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Within the Brønsted-Lowry (protonic) theory of acids and bases, a conjugate acid is the acid member, HX, of a pair of two compounds that transform into each other by gain or loss of a proton. A conjugate acid can also be seen as the chemical substance that releases a proton in the backward chemical reaction. Thus, the term acid. The base produced, X−, is called the conjugate base and it absorbs a proton in the backward chemical reaction. In aqueous solution, the chemical reaction involved is of the form
This principle is discussed in detail in the article on acid-base reaction theories.
The conjugate base of a weak acid is a strong base, and the conjugate base of a strong acid is a weak base, and vice versa.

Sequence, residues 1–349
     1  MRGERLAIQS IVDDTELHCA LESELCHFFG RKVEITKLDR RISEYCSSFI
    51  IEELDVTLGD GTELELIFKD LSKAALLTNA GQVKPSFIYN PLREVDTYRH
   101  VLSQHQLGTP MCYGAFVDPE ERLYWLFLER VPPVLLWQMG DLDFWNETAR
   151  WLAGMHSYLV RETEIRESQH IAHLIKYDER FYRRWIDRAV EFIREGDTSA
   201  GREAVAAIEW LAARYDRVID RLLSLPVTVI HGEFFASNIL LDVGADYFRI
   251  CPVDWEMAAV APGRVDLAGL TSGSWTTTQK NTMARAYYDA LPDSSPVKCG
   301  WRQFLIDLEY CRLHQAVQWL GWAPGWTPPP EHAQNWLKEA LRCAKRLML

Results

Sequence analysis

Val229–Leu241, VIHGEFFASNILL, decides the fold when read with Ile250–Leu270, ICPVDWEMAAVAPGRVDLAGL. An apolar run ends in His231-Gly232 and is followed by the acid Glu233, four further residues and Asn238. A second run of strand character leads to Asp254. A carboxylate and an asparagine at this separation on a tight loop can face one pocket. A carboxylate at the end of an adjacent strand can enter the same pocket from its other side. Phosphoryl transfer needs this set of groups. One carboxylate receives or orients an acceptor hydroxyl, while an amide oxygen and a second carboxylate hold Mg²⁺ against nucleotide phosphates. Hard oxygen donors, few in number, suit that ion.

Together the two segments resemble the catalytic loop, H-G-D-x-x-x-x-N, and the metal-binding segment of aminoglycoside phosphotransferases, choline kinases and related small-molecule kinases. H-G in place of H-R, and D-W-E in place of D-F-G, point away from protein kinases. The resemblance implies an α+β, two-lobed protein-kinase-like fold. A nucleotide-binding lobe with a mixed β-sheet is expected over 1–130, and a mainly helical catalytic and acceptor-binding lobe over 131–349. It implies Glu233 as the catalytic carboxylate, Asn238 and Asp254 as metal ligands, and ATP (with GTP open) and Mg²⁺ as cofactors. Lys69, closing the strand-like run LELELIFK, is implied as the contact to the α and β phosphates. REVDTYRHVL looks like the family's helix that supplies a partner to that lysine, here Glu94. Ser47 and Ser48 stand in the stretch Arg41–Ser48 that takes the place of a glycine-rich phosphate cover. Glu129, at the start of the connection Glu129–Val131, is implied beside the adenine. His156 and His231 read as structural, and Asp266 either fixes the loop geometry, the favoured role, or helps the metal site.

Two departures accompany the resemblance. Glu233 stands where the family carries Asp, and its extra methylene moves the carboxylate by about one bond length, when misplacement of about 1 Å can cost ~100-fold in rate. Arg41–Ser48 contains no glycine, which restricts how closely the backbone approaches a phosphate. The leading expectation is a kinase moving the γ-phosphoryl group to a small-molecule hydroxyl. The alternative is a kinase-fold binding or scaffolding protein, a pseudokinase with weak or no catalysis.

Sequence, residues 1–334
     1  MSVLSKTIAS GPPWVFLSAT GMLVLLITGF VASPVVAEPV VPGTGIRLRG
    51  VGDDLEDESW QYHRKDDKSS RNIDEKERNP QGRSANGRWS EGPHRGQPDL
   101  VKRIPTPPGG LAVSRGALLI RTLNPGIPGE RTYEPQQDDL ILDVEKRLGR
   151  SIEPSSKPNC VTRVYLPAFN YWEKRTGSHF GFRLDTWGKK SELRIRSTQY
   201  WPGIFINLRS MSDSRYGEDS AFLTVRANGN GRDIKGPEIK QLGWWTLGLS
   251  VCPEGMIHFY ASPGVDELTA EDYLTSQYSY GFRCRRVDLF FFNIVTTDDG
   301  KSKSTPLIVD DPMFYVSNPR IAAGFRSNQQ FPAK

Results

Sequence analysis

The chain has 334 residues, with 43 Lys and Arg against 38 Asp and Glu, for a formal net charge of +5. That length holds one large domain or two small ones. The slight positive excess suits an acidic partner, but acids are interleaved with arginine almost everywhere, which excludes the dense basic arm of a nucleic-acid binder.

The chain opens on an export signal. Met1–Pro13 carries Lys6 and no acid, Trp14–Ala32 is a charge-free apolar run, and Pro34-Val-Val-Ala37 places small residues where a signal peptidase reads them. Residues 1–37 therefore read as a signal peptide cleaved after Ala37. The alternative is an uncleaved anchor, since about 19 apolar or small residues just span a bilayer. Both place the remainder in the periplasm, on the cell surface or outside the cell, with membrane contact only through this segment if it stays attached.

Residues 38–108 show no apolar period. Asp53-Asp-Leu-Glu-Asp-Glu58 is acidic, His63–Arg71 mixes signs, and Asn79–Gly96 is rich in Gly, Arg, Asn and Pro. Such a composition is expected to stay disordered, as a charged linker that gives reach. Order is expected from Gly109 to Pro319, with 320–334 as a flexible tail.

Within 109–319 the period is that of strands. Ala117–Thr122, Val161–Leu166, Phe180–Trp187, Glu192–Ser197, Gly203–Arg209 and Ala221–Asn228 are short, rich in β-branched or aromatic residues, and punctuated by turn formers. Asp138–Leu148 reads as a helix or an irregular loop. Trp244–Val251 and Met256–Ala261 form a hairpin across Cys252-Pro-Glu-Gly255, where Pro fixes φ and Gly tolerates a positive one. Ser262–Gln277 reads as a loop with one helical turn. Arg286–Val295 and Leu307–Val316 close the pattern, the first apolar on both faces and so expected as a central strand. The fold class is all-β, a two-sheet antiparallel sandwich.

Tabulated below are several examples of conjugate acid-base pairs. Acid strength decreases and base strength increases down the table. (The dissociation reaction reaches equilibrium further to the right, with more X− produced.)
|This article is licensed under the GNU Free Documentation License. It uses material from the Wikipedia article "Conjugate_acid". A list of authors is available in Wikipedia.|